National data on medication synchronization is lacking, finds GAO

Synchronizing multiple medication refills can make it easier for patients to take them as prescribed. However, limited information is available on how widely this practice has been adopted by pharmacists.

That’s the assessment of the Government Accountability Office, which examined the synchronization process whereby a pharmacist aligns the refill dates of two or more of a patient's medications to a single day.

“Most of the 22 studies we reviewed reported positive effects and one found the practice increasing,” states a GAO audit. “For example, a 2018 study reported a 3 percent improvement in medication adherence among patients using medication synchronization than those who were not.”

Nonetheless, auditors found that no comprehensive national data exist on the extent to which medication synchronization has been used or its potential effects. “Comprehensive data on its use by pharmacies and patients do not exist,” concludes the report.

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Officials from three retail pharmacy chains—two large national chains and one mid-size regional chain—one independent pharmacy, and one mail order pharmacy told auditors that they have increased their use of medication synchronization, but they could not provide GAO with data on their patients’ use of the practice over time.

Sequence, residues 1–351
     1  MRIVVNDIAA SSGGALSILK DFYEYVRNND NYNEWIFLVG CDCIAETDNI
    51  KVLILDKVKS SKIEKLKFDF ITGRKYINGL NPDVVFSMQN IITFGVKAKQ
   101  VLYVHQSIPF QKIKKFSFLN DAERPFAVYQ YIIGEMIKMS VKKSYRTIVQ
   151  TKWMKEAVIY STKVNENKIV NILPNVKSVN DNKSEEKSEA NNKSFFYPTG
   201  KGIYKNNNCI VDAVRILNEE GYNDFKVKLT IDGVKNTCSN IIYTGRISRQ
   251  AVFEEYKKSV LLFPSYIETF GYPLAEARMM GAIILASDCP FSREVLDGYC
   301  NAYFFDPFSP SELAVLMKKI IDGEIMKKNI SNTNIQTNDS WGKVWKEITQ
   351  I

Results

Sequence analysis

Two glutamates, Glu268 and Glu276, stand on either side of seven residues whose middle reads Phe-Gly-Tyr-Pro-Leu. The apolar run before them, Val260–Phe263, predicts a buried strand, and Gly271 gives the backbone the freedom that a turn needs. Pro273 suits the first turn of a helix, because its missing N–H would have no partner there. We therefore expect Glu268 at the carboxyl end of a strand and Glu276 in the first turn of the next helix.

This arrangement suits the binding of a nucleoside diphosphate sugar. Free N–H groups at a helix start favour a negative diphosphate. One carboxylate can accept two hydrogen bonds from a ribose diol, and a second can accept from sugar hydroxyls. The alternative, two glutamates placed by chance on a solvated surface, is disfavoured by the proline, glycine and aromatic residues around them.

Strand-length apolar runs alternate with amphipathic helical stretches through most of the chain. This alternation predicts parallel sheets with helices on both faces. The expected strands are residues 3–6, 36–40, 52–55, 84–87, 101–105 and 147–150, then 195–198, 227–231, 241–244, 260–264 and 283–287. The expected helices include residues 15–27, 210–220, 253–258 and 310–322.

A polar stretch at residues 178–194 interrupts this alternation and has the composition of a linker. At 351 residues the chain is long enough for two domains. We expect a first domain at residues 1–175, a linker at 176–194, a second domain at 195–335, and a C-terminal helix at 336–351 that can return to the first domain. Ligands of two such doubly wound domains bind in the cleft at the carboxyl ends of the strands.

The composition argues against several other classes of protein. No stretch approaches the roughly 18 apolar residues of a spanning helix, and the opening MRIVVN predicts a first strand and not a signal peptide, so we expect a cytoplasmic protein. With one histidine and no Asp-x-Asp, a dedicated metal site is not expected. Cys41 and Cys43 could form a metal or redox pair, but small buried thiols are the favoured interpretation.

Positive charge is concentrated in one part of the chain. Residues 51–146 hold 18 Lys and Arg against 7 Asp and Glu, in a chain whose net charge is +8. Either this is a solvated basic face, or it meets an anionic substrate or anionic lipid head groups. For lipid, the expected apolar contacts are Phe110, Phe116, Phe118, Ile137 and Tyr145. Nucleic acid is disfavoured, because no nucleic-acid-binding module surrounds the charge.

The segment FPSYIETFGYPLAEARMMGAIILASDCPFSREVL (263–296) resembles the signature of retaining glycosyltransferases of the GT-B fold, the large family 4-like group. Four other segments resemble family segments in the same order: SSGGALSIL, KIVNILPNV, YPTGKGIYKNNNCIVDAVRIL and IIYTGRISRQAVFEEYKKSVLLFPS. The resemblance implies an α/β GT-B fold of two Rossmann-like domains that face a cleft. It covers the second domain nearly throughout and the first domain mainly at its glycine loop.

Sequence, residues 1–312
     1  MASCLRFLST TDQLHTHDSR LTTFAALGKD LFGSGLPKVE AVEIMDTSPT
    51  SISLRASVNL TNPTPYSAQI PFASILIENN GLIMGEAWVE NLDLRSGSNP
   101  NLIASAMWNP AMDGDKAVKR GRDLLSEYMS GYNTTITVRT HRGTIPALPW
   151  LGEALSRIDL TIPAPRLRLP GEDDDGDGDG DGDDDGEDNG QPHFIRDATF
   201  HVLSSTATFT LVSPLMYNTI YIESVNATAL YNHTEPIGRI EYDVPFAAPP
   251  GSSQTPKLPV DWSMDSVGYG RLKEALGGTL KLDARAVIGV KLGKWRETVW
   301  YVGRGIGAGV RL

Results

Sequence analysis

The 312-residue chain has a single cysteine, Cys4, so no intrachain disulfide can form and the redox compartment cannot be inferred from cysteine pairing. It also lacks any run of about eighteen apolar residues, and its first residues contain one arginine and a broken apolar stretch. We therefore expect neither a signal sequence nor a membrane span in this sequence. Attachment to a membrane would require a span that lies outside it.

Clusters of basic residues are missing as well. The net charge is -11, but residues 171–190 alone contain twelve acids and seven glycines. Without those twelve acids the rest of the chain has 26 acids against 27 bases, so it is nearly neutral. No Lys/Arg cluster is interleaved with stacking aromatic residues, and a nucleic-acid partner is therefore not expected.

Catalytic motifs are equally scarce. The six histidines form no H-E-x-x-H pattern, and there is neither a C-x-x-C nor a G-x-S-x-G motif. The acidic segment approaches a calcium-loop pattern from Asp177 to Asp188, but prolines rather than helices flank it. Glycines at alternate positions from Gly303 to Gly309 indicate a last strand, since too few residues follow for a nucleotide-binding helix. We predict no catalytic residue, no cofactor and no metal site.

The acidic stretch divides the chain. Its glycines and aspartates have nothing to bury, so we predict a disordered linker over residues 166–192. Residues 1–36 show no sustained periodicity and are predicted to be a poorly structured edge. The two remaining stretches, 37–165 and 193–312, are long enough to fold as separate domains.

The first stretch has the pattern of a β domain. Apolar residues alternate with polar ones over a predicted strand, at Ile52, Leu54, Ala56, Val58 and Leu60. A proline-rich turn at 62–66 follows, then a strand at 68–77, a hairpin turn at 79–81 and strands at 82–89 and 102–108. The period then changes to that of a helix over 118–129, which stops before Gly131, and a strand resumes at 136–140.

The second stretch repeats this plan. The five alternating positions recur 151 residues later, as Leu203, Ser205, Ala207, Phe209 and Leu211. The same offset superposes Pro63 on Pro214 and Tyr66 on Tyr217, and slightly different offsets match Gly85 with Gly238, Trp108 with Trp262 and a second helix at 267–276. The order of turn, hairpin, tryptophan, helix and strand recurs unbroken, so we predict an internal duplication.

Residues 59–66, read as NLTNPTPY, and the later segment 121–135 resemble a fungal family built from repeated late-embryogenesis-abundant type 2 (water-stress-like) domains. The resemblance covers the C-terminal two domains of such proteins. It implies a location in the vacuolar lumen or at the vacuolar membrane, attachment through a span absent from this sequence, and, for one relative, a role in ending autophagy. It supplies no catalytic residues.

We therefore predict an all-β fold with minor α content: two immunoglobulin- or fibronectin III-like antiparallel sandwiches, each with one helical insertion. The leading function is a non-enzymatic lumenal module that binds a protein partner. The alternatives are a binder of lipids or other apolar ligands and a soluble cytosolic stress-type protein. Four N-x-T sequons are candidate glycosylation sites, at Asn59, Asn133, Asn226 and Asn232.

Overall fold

“In addition, officials from an organization representing pharmacies told us that as of 2018, approximately 80 percent of independent pharmacies offered medication synchronization; however, they could not provide data from prior years,” revealed auditors.

Currently, 27 states have enacted laws related to medication synchronization, according to the National Community Pharmacists Association. Still, GAO noted that the Centers for Medicare and Medicaid Services does not have a formal medication synchronization policy for Medicare.

“Medication adherence is particularly important for patients with one or more chronic conditions, such as diabetes, high cholesterol or hypertension,” states the report, which points out that tens of millions of Medicare beneficiaries have two or more chronic conditions.

According to agency officials interviewed by auditors, CMS does not have data on the effects of medication synchronization—such as patient medication adherence—and other healthcare stakeholders interviewed for the report indicated that such national data do not exist.

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